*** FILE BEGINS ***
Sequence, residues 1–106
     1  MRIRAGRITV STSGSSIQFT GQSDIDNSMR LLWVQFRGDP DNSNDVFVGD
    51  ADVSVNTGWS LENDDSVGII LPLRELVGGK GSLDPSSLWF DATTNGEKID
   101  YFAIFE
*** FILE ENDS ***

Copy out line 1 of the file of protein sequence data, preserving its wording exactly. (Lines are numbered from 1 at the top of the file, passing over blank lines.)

Sequence, residues 1–106